Saintly advice on kicking sin to the curb

You can’t accuse Satan of being timid. He even went after Jesus. Yes, sir, that fallen angel has a lot of chutzpah.

You know the story in Matthew 4:1-11. Jesus is led by the Spirit into the desert where he spends 40 days and nights fasting. Enter the devil, and the first thing he offers the Son of God is bread. Or, more accurately, he points out to Jesus that as God’s son, he could turn rocks into bread.

Forty days and nights. So hungry. Freshly-baked bread. Can’t you just smell it? No butter or jam necessary. (Or, in keeping with the Middle Eastern theme, no hummus.) Most of us would have waved the white flag right there. Then tucked it in under our chin. Maybe a little rationalizing first. (God gave me this ability, and he expects me to use it. That in all things God may be ...) But that wouldn’t take long.

There wouldn’t even be a need for what’s behind Curtains 2 and 3: Jump off the Temple; angels will catch you. And, check out the view from this mountain! You can have it all if you just sign here.

Assuming most of us aren’t enthralled with jumping from high places. Or with ruling the world. (Imagine the paperwork! And the meetings! If paperwork is purgatory, meetings can be pure ... well, you get the point.) Most of us would have been pleased, at that present moment, to accept even a dinner roll.

Jesus said no to each. Countered with a quote from Scripture. And then told the great tempter to hit the bricks.

“Then the devil left him and, behold, angels came and ministered to him” (Mt 4:11).

There’s no need to mention here that Satan is an equal-opportunity tempter. Plenty to go around for all. For the Second Person of the Holy Trinity and for little old you and me.

And he’s nothing if not persistent. It can seem he just won’t take “no” for an answer until we give in and say “no” to God. (That is, sin.) But it is possible to say “no” to Satan — and to get better at doing just that.

The lives of the saints are filled with examples of heroic virtue (faith, hope and love), but they weren’t born with it. And it was never just handed to them, no matter how they came to Christ.

So what they have to say about sin, and about Satan, is advice we’d be wise to take to heart. And soul.

1. Satan isn’t cute

In his first epistle (or one attributed to him), St. Peter warns: “Be sober and vigilant. Your opponent the devil is prowling around like a roaring lion looking for [someone] to devour. Resist him, steadfast in faith, knowing that your fellow believers throughout the world undergo the same sufferings” (1 Pt 5:8-9).

Your opponent. Prowling like a roaring lion. Looking for someone — you! — to devour.

The solution? Resist him. And remain steadfast in the faith.

You know what’s right. Hang in there.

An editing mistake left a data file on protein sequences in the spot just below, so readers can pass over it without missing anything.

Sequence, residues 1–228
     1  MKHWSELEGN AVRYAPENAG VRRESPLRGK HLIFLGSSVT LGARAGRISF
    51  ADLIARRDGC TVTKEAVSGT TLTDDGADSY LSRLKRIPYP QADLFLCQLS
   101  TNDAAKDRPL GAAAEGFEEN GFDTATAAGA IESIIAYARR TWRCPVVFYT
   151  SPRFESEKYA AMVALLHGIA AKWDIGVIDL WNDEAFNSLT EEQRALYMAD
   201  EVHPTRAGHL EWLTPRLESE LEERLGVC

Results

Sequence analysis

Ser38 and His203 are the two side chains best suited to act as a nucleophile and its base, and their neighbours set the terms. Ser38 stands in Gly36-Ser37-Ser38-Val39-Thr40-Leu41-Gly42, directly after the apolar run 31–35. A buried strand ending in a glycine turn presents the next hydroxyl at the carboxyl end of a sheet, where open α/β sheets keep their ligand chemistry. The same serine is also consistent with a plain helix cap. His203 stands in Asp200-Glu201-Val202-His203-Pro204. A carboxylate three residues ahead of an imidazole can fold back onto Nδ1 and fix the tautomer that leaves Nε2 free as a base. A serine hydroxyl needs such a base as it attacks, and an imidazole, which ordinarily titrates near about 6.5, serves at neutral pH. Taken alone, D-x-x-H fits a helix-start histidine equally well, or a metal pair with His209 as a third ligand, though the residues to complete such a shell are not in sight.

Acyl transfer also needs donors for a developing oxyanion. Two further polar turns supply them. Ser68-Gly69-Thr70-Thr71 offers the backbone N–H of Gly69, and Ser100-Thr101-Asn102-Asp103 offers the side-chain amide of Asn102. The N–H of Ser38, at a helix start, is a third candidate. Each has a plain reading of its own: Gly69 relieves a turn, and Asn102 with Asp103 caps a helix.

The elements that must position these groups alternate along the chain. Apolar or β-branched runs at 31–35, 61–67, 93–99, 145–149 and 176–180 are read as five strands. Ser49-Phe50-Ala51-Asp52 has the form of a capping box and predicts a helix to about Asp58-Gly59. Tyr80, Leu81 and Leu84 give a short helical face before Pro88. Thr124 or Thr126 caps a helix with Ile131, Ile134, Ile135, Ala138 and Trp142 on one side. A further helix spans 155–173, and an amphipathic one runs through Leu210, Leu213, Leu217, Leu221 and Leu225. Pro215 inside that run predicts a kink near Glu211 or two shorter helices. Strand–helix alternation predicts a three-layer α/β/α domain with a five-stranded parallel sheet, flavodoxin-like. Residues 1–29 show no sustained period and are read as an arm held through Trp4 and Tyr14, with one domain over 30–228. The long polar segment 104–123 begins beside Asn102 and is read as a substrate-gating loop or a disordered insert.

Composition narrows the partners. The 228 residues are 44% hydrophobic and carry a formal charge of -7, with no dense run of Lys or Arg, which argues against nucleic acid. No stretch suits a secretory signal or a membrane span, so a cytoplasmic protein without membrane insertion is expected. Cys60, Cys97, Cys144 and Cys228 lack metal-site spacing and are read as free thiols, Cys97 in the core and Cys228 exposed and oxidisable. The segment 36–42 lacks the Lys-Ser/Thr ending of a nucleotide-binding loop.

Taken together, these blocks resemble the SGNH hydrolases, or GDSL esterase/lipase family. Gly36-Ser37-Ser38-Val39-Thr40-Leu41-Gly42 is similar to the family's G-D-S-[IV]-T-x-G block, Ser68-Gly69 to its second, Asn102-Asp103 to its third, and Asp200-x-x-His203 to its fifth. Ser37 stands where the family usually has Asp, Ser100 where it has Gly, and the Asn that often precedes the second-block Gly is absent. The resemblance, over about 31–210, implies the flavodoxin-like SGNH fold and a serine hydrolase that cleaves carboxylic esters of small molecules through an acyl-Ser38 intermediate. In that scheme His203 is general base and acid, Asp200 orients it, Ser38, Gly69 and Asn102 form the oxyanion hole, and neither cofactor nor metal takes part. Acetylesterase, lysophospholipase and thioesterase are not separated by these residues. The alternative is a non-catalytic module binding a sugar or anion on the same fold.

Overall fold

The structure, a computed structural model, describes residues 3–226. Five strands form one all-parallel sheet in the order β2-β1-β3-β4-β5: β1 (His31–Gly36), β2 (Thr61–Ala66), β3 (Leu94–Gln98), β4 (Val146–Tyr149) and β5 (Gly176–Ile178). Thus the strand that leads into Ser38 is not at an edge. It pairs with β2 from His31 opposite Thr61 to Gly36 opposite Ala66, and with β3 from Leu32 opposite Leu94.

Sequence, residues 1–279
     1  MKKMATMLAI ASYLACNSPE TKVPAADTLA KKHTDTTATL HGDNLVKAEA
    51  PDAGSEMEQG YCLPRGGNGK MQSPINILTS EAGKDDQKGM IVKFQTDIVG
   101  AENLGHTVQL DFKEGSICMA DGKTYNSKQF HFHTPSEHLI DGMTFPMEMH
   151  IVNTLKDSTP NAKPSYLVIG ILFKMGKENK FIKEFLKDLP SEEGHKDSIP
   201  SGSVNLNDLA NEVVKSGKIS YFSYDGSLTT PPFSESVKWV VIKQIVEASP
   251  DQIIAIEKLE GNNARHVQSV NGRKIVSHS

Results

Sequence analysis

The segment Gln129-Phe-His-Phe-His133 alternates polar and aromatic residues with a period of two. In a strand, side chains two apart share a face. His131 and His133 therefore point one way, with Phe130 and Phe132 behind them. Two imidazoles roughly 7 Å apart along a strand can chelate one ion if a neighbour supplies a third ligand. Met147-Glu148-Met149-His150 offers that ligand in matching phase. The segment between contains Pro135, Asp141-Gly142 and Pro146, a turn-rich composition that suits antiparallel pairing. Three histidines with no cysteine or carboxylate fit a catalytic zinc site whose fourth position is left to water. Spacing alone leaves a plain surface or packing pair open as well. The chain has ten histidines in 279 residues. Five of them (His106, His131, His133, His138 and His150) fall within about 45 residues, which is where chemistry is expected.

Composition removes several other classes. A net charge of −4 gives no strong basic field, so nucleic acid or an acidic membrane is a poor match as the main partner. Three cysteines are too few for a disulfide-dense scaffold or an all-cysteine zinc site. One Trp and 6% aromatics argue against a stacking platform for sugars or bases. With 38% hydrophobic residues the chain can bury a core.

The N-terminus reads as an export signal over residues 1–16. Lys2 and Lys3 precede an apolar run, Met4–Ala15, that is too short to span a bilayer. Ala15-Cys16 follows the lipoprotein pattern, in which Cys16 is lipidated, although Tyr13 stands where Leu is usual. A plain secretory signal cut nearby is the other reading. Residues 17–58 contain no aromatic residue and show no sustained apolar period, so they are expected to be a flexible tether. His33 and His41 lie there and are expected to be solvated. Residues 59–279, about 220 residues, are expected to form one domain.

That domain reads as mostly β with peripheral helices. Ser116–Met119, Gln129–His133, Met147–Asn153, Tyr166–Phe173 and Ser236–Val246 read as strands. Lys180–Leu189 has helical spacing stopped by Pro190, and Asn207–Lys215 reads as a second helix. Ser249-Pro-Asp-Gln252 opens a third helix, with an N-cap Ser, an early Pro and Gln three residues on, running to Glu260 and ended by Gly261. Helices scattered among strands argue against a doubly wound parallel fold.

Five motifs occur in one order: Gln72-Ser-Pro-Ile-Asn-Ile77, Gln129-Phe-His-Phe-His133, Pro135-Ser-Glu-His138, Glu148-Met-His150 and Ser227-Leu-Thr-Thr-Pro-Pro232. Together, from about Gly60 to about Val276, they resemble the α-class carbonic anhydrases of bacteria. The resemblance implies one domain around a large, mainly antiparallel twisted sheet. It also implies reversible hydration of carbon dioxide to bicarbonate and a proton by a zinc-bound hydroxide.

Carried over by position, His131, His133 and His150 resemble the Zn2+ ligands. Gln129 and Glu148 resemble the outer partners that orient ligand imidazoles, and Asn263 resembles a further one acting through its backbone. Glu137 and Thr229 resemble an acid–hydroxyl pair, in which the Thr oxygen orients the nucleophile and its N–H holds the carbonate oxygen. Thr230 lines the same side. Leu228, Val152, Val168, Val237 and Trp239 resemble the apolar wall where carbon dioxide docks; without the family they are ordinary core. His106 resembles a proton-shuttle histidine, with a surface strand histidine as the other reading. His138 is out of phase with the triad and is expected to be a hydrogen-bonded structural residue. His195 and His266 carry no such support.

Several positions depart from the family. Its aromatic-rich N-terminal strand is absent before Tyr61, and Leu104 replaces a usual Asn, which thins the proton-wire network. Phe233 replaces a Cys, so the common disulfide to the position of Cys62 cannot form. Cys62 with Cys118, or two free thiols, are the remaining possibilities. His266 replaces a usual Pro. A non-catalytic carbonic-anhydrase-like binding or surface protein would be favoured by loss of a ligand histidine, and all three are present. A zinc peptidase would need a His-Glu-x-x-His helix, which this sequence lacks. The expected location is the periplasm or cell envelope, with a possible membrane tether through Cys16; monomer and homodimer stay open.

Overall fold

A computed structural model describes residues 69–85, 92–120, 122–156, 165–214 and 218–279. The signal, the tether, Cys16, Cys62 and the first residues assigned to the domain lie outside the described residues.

Padre Pio — St. Pio of Pietrelcina (1887-1968) — used a different description.

“The devil is like a rabid dog tied to a chain; beyond the length of the chain, he cannot seize anyone. And you: keep at a distance. If you approach too near, you let yourself be caught. Remember that the devil has only one door by which to enter the soul: the will.”

2. Your will, your choice

So, the surest way to avoid getting within range of that hound from hell? Aligning your will to God’s will. Now that has a familiar ring to it, doesn’t it?

“This is how you are to pray: Our Father in heaven, hallowed be your name, your kingdom come, your will be done, on earth as in heaven” (Mt 6:9-10). (Jesus, the Great Retreat Master.)

Do that and you’ll see what St. Francis de Sales (1567-1622) was talking about when he wrote: “Let the enemy rage at the gate; let him knock, pound, scream, howl; let him do his worst. We know for certain that he cannot enter our soul except by the door of our consent.”

To quote Nancy Reagan’s famous comment on drug abuse: “Just say ‘no.’” No, no, no! Then ask God what he wants you to do and say “yes.”

Yes, yes, yes!

What he wants you to do is what’s best for you. It’s what will bring you joy. Here and in the hereafter.

3. God is merciful

In her “Diary,” St. Faustina Kowalska (1905-1938) writes of Jesus telling her: “Let the sinner not be afraid to approach Me” (No. 50).

But we are sometimes. We kick ourselves and, like St. Paul, mutter, “What I do, I do not understand. For I do not do what I want, but I do what I hate” (Rom 7:15).

We’ve all been there. “Why do I keep doing that?! I know it’s wrong. Why don’t I do this? I know it’s right, and I really want to do it.”

Like what you’re reading? Subscribe now in print or digital.

Short, simple answer? Sin. We keep sinning even when we want to grow in virtue. This side of heaven, it’s a task and a challenge we never fully complete.

St. Faustina points out the comforting truth that “Although sin is an abyss of wickedness and ingratitude, the price paid for us can never be equaled. Therefore, let every soul trust in the Passion of the Lord, and place its hope in His mercy. God will not deny His mercy to anyone” (No. 72).

4. Less fear, more love

Growing in faith, growing in grace, leads to our wanting to sin less as we come to love God more. In the words of St. Alphonsus Liguori (1696-1787): “He who does not acquire the love of God will scarcely persevere in the grace of God, for it is very difficult to renounce sin merely through fear of chastisement.”

5. Smile!

Bill Perry/

St. John Bosco (1815-1888) offers the encouraging suggestion: “Enjoy yourself as much as you like — if only you keep from sin.”

That dovetails nicely with a line attributed to St. Teresa of Ávila (1515-1582): “From silly devotions and sour-faced saints, good Lord, deliver us.”

The bottom line here?

Yes, Satan has your number. So be careful. But, always, always, always, the Father, Son and Holy Spirit have your back. So rejoice!

Bill Dodds writes from Washington.

Saints on Sin and Reconciliation
The wages of sin is death, and the retirement plan is no bargain either. That’s why saints advise: